Over the last few days, there have been numerous indications that, slowly but surely, businesses around Minnesota are going to be allowed to reopen in one form or another. The same goes for county government facilities, which are preparing for a phased reopening process while social distancing protocol remains in place.
Wright County Administrator Lee Kelly said there are efforts on several fronts to get the Government Center and other county facilities prepared to open to the public as some level.
“There is still a lot going on for what we do moving forward,” Kelly said. “We are working on modifications to the facilities that are probably not all going to be ready until June. I’ve been aware that jury trials on the court’s side aren’t going to be returning until after June 1 as well.”
Kelly explained that most of the public counters have had sneeze guards installed. The county has purchased queueing stanchions (the crowd barriers seen at airport waiting lines) to change the traffic flow at the license bureau as well as outside queueing in the parking lot due to the anticipated numbers of people that will be coming to the Government Center license bureau to renew driver’s licenses. A proposed drive-thru drop box located in the east alley alongside the Government Center is being planned, but discussion remains on traffic flow because the alley is routed for one-way traffic. Floor graphics set up six feet apart are going to be installed. The main topic of discussion currently is the potential for a public facing window on the east side of the Government Center.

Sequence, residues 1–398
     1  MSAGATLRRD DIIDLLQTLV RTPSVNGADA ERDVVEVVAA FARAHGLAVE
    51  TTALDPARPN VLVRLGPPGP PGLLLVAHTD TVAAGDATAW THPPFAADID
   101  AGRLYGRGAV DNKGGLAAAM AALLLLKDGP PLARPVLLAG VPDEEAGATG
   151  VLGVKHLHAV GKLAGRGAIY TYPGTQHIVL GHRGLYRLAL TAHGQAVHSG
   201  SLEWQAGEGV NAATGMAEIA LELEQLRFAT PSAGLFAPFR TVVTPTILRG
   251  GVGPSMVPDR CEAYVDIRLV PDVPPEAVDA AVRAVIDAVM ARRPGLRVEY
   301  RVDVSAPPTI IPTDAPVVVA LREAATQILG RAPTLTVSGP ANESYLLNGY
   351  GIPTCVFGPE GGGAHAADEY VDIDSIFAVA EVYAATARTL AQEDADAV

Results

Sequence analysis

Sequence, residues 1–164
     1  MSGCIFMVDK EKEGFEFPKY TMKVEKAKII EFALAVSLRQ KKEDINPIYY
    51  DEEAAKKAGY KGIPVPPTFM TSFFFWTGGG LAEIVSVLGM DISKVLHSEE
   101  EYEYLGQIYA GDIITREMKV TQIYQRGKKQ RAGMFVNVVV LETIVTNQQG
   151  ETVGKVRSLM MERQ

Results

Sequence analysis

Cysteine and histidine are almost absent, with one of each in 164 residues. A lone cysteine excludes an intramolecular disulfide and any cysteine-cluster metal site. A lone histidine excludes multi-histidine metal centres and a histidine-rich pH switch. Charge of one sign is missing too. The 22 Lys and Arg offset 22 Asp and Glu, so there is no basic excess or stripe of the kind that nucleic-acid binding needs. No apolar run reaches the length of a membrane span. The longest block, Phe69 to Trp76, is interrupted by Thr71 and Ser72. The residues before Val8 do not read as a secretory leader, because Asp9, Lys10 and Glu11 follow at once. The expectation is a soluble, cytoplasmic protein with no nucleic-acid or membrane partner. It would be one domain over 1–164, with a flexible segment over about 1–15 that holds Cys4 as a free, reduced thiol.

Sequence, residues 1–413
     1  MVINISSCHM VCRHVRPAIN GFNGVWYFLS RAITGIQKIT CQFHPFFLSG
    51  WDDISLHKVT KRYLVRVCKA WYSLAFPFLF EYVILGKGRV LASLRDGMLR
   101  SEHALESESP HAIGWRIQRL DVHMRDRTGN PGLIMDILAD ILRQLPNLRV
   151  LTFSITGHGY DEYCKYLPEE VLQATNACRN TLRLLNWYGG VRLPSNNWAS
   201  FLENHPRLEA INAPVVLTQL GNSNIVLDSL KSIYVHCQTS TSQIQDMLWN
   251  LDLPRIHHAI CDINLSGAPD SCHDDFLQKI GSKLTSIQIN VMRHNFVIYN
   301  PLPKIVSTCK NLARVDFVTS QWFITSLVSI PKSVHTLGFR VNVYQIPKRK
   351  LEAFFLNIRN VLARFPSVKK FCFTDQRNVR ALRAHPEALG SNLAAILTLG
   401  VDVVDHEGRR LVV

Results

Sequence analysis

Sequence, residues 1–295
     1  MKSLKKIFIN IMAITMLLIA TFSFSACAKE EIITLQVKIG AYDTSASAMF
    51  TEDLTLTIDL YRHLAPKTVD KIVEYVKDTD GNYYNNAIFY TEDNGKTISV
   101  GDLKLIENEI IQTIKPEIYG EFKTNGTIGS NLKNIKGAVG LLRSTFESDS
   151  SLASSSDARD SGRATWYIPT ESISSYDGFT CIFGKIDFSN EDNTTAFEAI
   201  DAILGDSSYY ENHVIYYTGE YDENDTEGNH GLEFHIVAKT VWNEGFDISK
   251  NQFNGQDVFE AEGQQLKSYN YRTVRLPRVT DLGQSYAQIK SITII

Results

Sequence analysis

Kelly said the conventional wisdom is that, while Gov. Tim Walz has allowed some businesses to open, most local governments are projecting that government facilities will likely be closed through the end of May.
“I’m anticipating, as this continues to develop on a daily basis, that we will be discussing this at some point during our (county board) workshop next week because we will need to make some determinations at that time if we’re going to be extending (the closures) past the 18th,” Kelly said. “Many of the jurisdictions I’ve spoken with are already planning for that to be the case. Many are doing a phased approach such as what we are doing with putting (sneeze) guards in place. We’re working on some of those facility-related things we’ve got going. In addition, the policies are the next challenge as we keep going.”
One of the problems with the timing of Gov. Walz’s stay at home order and the two subsequent extensions is that they have been scheduled to expire at midnight on Monday mornings. With most county board meetings throughout the state scheduled for Tuesdays, it makes for awkward timing to react to a decision at the state level.
“In hindsight, I wish we would have extended to the 19th so we could’ve had a board meeting and not have to schedule a special one,” Kelly said. “It does coincide with what the governor has got as far as a timeline, but we may need to make a recommendation coming out of the workshop.”
The county’s timetable for closures has been tied to the guidance set forth by the governor. Commissioner Darek Vetsch said that even if the county would unilaterally add a day or two to its own closure extension, it still doesn’t allow adequate time to be prepared for a reopening – whether in part or in full.
“Even if we would extend it to the 19th or the 20th right now, it still gives us a really short time if we have a board meeting and have to modify or extend it,” Vetsch said. “That’s a reason why we probably would be better off having a meeting at the end of next week when we (find out) what the governor does. We are kind of bound to those decisions.”
Board Chair Chris Husom suggested Friday, May 15 to hold a special board meeting. The board unanimously approved setting a special board meeting for 10 a.m. May 15 to make a determination how to move forward with the guidance that will be available at that time.